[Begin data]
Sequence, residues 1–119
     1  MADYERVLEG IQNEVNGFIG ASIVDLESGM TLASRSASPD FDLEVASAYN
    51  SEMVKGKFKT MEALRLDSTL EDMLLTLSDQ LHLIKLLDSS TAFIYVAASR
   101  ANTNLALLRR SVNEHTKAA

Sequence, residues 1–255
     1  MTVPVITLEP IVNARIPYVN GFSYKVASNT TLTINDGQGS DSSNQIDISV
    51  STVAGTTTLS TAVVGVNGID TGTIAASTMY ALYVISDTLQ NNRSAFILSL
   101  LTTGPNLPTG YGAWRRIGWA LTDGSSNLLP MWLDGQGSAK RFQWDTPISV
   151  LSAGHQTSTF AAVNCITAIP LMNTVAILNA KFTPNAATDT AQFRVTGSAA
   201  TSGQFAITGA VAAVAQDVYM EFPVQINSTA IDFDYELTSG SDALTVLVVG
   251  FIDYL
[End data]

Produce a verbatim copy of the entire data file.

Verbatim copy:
Sequence, residues 1–119
     1  MADYERVLEG IQNEVNGFIG ASIVDLESGM TLASRSASPD FDLEVASAYN
    51  SEMVKGKFKT MEALRLDSTL EDMLLTLSDQ LHLIKLLDSS TAFIYVAASR
   101  ANTNLALLRR SVNEHTKAA

Sequence, residues 1–255
     1  MTVPVITLEP IVNARIPYVN GFSYKVASNT TLTINDGQGS DSSNQIDISV
    51  STVAGTTTLS TAVVGVNGID TGTIAASTMY ALYVISDTLQ NNRSAFILSL
   101  LTTGPNLPTG YGAWRRIGWA LTDGSSNLLP MWLDGQGSAK RFQWDTPISV
   151  LSAGHQTSTF AAVNCITAIP LMNTVAILNA KFTPNAATDT AQFRVTGSAA
   201  TSGQFAITGA VAAVAQDVYM EFPVQINSTA IDFDYELTSG SDALTVLVVG
   251  FIDYL